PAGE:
High Dosage of Statins Increases Diabetes Risk in Patients with Heart Problems, Study


A latest study, conducted by researchers at the University of British Columbia, has found that cholesterol-lowering statins prescribed to patients with heart problems increases diabetes risk. The effect is more prominent in patients consuming higher potency statins.

"This is not about stopping statins," said lead author Colin R. Dormuth, from the University of British Columbia in Vancouver, to Reuters Health. "These patients should be on a statin, the question is, should they be on a higher or a lower dose?" Reuters reports.

For the study, researchers examined data on 137,000 patients from Canada, the U.S. and the U.K. The patients were on statin medication after being hospitalized for a stroke, heart attack or other major heart problems between 1997 and 2011. None of them suffered from diabetes.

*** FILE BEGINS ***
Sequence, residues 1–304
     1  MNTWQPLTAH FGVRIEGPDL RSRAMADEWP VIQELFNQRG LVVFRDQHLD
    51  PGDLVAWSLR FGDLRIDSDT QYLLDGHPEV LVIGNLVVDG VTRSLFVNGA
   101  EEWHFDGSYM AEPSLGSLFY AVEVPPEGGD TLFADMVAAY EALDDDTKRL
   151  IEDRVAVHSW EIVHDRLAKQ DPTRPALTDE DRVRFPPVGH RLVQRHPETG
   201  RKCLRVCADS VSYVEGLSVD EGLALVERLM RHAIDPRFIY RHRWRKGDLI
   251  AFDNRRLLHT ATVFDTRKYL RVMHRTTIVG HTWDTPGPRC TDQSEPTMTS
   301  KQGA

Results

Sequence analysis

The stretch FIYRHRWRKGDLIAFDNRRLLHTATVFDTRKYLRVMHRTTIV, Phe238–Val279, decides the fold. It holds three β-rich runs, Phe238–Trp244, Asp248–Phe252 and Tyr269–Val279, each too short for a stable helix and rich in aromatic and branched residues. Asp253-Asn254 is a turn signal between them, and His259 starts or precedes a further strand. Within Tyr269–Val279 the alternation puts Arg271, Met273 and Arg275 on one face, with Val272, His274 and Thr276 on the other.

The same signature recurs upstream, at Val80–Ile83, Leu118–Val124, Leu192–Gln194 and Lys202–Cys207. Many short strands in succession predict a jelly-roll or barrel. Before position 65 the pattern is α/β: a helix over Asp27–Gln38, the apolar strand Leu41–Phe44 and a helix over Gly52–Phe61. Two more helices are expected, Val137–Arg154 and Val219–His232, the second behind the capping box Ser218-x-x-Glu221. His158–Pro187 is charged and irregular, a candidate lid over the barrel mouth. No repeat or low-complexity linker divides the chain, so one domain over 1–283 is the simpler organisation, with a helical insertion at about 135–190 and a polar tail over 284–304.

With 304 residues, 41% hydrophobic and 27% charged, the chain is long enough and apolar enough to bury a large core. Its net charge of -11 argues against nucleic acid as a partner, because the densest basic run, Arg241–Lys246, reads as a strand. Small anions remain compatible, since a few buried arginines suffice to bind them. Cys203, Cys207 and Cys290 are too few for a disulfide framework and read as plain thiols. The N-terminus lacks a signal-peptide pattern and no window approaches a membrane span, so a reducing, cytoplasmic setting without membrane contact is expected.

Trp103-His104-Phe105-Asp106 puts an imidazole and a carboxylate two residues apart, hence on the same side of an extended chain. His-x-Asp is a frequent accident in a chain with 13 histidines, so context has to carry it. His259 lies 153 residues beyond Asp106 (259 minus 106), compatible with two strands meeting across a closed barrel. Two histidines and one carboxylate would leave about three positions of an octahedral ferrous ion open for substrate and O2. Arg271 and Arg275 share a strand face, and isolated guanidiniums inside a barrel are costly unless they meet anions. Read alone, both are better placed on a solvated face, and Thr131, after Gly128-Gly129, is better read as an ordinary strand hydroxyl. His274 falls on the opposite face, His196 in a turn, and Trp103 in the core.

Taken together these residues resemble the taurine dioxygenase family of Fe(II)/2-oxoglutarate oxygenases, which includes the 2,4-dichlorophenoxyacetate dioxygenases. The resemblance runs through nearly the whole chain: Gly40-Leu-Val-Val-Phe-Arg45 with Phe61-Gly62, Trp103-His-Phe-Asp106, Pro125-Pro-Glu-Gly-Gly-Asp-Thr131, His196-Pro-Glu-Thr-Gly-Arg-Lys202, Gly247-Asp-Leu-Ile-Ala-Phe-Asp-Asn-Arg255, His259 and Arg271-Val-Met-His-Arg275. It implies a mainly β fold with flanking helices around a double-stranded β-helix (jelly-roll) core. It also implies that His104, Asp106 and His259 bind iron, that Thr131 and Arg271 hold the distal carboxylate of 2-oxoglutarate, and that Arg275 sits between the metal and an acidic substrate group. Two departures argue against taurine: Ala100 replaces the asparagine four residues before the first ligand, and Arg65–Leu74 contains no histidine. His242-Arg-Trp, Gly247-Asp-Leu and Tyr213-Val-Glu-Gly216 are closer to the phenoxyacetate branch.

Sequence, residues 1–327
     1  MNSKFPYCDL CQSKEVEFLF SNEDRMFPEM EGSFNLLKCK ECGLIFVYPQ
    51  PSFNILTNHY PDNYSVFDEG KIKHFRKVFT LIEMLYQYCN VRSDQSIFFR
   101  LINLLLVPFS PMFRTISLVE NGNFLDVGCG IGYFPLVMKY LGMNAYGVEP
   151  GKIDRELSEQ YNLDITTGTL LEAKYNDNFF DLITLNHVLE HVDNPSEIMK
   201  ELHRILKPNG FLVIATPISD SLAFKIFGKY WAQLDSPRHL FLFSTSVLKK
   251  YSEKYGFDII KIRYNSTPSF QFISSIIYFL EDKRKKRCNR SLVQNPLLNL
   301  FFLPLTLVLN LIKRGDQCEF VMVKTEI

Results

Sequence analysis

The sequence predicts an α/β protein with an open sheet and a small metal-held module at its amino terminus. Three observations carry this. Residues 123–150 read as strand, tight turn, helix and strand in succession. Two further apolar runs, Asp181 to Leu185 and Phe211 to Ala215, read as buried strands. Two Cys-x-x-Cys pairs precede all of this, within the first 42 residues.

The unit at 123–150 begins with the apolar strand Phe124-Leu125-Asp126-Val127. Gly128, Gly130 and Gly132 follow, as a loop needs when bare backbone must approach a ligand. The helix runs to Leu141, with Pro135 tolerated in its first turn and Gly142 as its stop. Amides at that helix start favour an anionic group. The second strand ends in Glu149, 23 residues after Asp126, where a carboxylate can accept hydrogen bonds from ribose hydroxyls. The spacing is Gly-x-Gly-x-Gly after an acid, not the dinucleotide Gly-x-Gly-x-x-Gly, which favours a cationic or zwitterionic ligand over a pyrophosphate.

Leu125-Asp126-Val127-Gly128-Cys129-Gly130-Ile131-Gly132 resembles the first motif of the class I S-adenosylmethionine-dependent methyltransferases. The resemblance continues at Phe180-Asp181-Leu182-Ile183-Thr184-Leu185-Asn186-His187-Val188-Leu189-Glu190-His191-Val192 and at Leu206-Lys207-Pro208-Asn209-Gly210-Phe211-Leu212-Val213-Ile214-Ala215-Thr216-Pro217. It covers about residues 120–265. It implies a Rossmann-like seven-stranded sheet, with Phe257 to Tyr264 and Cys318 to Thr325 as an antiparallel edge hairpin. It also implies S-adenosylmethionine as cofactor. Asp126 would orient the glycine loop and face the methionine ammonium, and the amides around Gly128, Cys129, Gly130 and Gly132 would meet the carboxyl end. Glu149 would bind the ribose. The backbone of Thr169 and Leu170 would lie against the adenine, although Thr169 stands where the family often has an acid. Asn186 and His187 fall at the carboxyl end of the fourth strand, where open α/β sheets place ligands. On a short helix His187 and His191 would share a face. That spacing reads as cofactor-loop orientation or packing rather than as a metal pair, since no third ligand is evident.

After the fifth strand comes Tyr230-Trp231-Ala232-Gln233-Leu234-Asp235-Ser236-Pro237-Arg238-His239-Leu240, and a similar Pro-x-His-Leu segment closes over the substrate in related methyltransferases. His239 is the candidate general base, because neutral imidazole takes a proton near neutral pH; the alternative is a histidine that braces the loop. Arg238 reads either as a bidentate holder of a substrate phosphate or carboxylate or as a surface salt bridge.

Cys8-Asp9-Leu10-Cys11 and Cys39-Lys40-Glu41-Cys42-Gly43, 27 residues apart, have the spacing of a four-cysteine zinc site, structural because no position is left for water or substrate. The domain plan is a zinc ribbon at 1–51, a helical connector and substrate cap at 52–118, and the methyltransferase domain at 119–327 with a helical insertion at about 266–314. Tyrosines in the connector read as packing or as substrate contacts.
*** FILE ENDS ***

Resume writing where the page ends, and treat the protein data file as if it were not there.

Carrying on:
The researchers identified rosuvastatin (brand name Crestor) prescribed at 10 milligrams or more per day, atorvastatin (Lipitor) at 20 mg or more and simvastatin (Zocor) at 40 mg or more as higher potency statins. The remaining dosages were grouped in lower potency category.

The researchers observed increased risk for development of new-onset diabetes among patients with higher potency statins as compared with lower potency agents. The risk was highest in the first four months of use.

Researchers said that death rates among patients taking low-dose and high-dose statins have been the same in other trials. This means that higher dose of statins do not extend life more than the lower dose versions.

Higher dose should be recommended to patients with genetic conditions and those who are more prone to high cholesterol.

"Physicians need to weigh the small increase in benefit against the increase in diabetes risk," Dormuth said.

The findings are published in BMJ journal.

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